Just 52% of pharmacists enjoy ‘some aspects’ of their work or study, a new wellbeing survey from the Royal Pharmaceutical Society (RPS) and charity Pharmacist Support has found.

And nearly nine in 10 pharmacists are at high risk of burnout, the survey suggested, prompting calls to address the underlying factors contributing to poor mental health and wellbeing.

Meanwhile, the president of the RPS has warned that ambitions to expand pharmacist prescribing services will be 'frustrated' without protected learning time.

The RPS and Pharmacist Support are due to take the findings forwards to a roundtable that they will convene at the end of February with the NHS, professional bodies, trade unions, educators and regulators.

Some 1,188 pharmacists responded to the survey, which was open to pharmacists working in all settings in England, Scotland and Wales, including RPS members and non-members, between 16 October and 11 November 2023.

It found that 86% of pharmacists were at high risk of burnout, with respondents identifying factors with a negative impact on their mental health and wellbeing including:

  • inadequate staffing (identified by 69% of respondents);
  • lack of work-life balance (52%);
  • insufficient protected learning time (50%);
  • absence of colleague or senior support (46%);
  • and long working hours (42%).

Six in 10 respondents (60%) said they had considered leaving the profession within the last year.

Just 29% said they 'usually' felt energised at work and less than half (46%) said that being a pharmacist was the only type of work they could imagine themselves doing.

Less than a third (29%) said that they had enough energy after work for leisure activities, 80% said that they usually felt 'worn out and weary' after work, and more than three-quarters (78%) said they needed more time than they had in the past to relax and feel better.

More than eight in 10 (86%) said there were days when they felt tired before arriving at work, and 47% said they sometimes felt 'sickened' by their work activities.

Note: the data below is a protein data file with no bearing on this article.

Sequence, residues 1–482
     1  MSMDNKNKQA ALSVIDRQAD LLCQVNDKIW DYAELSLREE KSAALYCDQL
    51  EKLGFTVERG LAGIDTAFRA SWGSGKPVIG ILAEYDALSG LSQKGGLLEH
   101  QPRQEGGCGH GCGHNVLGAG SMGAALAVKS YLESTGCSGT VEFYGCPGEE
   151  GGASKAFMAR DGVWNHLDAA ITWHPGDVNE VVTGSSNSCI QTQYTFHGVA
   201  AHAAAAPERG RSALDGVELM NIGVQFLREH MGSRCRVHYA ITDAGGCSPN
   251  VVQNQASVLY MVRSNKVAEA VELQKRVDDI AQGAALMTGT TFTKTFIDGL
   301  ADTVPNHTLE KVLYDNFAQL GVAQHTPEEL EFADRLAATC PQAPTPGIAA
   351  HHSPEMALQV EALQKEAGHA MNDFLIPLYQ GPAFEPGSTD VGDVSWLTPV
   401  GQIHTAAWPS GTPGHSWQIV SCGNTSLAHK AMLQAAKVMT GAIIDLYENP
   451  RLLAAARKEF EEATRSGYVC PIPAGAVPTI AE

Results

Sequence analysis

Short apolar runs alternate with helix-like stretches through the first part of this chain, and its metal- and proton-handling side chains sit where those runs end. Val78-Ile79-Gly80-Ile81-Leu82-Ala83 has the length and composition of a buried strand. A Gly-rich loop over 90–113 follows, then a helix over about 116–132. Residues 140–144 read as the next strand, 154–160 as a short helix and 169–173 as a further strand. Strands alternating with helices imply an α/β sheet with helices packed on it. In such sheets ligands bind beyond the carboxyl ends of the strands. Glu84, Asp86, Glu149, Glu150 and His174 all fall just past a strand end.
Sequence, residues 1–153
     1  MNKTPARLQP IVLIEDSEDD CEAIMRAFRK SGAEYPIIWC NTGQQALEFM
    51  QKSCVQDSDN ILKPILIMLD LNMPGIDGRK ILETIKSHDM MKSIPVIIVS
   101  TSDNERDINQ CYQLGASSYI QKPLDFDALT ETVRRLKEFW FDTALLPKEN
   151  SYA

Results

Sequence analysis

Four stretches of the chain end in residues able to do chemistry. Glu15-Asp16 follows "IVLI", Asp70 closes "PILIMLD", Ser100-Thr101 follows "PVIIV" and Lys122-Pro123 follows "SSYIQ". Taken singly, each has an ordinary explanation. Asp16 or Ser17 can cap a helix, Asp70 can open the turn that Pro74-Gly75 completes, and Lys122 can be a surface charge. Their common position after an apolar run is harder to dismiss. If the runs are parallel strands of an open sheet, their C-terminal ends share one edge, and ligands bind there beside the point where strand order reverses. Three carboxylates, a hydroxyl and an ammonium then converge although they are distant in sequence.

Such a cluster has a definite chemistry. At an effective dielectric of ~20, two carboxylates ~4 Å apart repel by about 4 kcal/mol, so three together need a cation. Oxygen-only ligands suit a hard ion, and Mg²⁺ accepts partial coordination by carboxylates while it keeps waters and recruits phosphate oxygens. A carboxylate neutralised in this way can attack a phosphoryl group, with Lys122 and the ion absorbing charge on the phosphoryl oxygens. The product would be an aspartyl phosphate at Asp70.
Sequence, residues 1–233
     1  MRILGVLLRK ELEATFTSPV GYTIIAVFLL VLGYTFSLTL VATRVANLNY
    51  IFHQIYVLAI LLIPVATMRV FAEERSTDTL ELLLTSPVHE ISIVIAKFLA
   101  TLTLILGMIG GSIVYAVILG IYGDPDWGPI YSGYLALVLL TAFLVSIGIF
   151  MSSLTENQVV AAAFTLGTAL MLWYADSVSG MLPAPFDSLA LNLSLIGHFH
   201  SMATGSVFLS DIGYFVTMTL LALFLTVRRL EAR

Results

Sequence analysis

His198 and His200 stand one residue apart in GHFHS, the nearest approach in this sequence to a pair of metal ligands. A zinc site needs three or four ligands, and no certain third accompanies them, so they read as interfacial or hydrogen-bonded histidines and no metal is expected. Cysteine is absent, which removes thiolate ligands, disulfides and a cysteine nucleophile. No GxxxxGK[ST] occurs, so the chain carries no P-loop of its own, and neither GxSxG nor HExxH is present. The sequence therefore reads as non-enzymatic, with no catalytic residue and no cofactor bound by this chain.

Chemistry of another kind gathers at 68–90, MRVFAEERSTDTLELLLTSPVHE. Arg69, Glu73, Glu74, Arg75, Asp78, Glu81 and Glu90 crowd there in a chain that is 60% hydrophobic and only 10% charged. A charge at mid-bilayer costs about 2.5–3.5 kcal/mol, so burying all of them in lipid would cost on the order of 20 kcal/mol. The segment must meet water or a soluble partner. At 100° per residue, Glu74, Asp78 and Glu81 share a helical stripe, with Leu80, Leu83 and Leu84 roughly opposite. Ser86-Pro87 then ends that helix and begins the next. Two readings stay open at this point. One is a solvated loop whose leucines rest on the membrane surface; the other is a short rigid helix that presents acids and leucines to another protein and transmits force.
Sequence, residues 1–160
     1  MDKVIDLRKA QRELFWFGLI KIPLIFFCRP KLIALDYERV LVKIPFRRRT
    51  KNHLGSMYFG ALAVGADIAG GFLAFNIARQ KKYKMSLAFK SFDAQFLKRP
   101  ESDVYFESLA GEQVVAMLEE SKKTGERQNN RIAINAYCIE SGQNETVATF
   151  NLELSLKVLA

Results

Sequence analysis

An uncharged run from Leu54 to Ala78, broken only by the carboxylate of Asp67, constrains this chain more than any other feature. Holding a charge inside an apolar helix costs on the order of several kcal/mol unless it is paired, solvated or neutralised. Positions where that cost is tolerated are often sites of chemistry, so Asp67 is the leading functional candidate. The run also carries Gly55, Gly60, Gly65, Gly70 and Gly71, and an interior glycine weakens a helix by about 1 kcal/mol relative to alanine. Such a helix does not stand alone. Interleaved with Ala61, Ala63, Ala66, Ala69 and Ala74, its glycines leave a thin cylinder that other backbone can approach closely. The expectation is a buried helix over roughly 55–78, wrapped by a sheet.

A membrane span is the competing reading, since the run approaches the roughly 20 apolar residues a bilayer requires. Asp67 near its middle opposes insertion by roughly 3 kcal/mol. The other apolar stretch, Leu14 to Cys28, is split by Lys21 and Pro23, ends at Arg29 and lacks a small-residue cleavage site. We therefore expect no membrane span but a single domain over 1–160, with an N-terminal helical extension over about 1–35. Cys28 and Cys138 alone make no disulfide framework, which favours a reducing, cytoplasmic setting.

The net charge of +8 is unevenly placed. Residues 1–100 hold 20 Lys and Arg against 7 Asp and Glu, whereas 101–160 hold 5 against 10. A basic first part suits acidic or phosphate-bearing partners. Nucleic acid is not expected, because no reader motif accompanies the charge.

During the working day, 40% of pharmacists said they chose not to or were frequently unable to take a rest break, and 13% were not offered a break at all.

And 61% said they were not offered sufficient protected learning time.

Many of the statements that pharmacists were asked to respond to came from the Oldenburg Burnout Inventory, which is used to assess the severity of work-related burnout.

Chief executive of Pharmacist Support, Danielle Hunt said the results formed a 'stark reminder of the urgent need for action to address the mental health challenges faced by pharmacists'.

And she stressed that the findings needed to be used 'to inform concrete steps towards creating more supportive and sustainable work environments within the pharmacy profession'.

She also highlighted a course launched by the charity in the last year entitled 'Embracing a Workplace Wellbeing Culture', which she said was prompted by the recognition that the conversation needed to move 'beyond individual mental health' to a broader focus on 'positive workplace culture'.

The survey findings also drew attention to the issue of abuse that pharmacists receive from patients.

Some 41% of respondents said they had experienced verbal abuse at their place of work or study within the last six months.

While abuse came mainly from patients and the public, around 25% of those who had experienced abuse said it came from a colleague or manager within the workplace.

And 7% of all respondents said they had experienced physical abuse.

'No one should have to face abuse in the workplace,' RPS president Professor Claire Anderson commented.

'Such behaviour undermines the wellbeing of individuals and compromises the quality of care provided to patients.

'The survey results demonstrate the human cost of coping with the relentless workplace pressures that pharmacists and trainees experience daily.'

She suggested that solving the issues would require 'collaborative efforts from governments, employers and the NHS to create more supportive and fulfilling work environments'.

Professor Anderson also highlighted the 'paramount' need for protected learning time as more pharmacists take on prescribing roles.

'Without it, ambitions to expand prescribing services will be frustrated,' she warned.

'A significant increase in learning opportunities for prescribers, and in workplace supervision capacity for designated prescribing practitioners, is essential.'

A previous report published in October by the RPS and Pharmacist Support suggested that 'levels of burnout have been consistently very high for several years' and 'urgent action is needed to turn the tide'.

At the time Ms Hunt said that a 'cultural change' was needed but warned that it 'will not happen overnight'.

And recently Duncan Rudkin, chief executive of the General Pharmaceutical Council (GPhC) warned MPs that pharmacist wellbeing ‘has patient safety implications’.